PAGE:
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Articles from DIAMONDS BY TYPE - SYNTHETIC / LAB-CREATED (84 Articles)

The client had not considered that the diamonds might have been synthetics
The client had not considered that the diamonds might have been synthetics
 









Synthetic diamonds detected in Australia

In what might be the first case in Australia, a parcel of yellow diamonds has been identified as synthetic even though they were purchased as natural diamonds. 

Australia has been added to the list of countries that have reported incidents of undisclosed synthetic diamonds. Gem Studies Laboratory (GSL) detected five fancy yellow lab-created diamonds, sized from 20 points to 35 points, in a parcel that had been submitted for testing. 
 
According to GSL director Bill Sechos, the stones were sent for testing for colour treatments and the client had not considered that they might have been synthetic diamonds. 
 
“They [diamonds] were booked in and placed in the queue as per normal and the standard preliminary work was done on them such as weighing, fluorescence levels and measurements before going to the graders and gemmologists for examination,” Sechos said, adding that it was at this stage that the stones’ synthetic nature was discovered. 
 
The client was consequently informed, reporting procedures were halted, and the diamonds were returned with no further work performed.
 
Sechos said this was the first time such an incident had occurred at GSL. “Up to now, it’s been considered a rare occurrence. However, who knows what will happen in the future,” he explained.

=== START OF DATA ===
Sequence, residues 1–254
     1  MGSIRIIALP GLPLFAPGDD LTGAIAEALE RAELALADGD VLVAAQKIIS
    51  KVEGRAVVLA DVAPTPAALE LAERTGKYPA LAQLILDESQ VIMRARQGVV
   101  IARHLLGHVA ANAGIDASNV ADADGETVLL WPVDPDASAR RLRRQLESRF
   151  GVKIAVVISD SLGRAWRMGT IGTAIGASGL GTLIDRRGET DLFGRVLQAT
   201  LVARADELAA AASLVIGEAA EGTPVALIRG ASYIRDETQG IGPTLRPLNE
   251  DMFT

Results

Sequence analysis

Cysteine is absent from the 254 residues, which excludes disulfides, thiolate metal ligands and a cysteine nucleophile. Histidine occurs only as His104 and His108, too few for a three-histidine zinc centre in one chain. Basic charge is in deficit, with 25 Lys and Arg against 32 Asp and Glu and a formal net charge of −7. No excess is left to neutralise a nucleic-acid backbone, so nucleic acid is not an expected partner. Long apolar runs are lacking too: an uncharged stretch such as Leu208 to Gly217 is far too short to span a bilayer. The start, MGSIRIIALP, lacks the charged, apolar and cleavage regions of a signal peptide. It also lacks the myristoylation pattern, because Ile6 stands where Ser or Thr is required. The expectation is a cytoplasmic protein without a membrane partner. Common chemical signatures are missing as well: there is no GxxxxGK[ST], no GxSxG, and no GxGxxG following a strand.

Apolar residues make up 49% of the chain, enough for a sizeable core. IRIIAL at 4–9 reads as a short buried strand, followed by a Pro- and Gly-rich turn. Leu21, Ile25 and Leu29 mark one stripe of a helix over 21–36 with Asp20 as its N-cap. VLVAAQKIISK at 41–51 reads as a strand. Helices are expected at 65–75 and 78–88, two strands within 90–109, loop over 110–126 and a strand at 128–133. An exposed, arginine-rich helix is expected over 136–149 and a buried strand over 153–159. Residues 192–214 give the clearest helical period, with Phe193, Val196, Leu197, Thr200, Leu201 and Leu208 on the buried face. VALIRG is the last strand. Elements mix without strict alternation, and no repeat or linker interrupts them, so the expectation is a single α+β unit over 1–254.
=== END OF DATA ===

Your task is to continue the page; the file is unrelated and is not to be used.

“Australia is catching up with the rest of the world. We are now seeing the treatments that have been reported in overseas journals on a semi-regular basis, and it seems that the synthetic diamonds that have been reported overseas have finally reached our shores too.”
 
Sechos predicted that synthetic and treated diamonds would become a more common occurrence in the Australian marketplace over time. “Anything that prompts suspicion should be investigated by a laboratory,” he advised.
 
Jeweller has previously reported on cases of undisclosed diamond mixing in India, the largest supplier of diamonds to Australia and New Zealand, which prompted a number of industry bodies in the country to launch a campaign to combat the issue. 
 
It was also announced last year that Gemological Institute of America (GIA) synthetic diamond detection machines would be made available to members of the World Federation of Diamond Bourses (WFDB), including the Diamond Dealers Club of Australia (DDCA). 
 
DDCA president Rami Baron explained that while the club would receive a machine, he had not been given an exact date. “Due to their [the WFDB’s] needs for this machine in high-volume diamond centres, we understand there will be a delay in our region,” Baron said.
 
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Your Say

CVD or HPHT?
Were the stones CVD or HPHT? There will be a much faster growth of CVD in the future, and they are a little harder to detect (magnets don't work and the polarised stress patterns can be similar).
It is worth noting that there are now 85 Australian registered valuers who have undergone a 2 day intensive prac training course with a large bank of synthetic and treated diamonds.
Regards
Garry Holloway
posted by Garry Holloway on April 01, 2014 10:58

CVD or HPHT?
Were the stones CVD or HPHT? There will be a much faster growth of CVD in the future, and they are a little harder to detect (magnets don't work and the polarised stress patterns can be similar).
It is worth noting that there are now 85 Australian registered valuers who have undergone a 2 day intensive prac training course with a large bank of synthetic and treated diamonds.
Regards
Garry Holloway
posted by Garry Holloway on April 01, 2014 10:59


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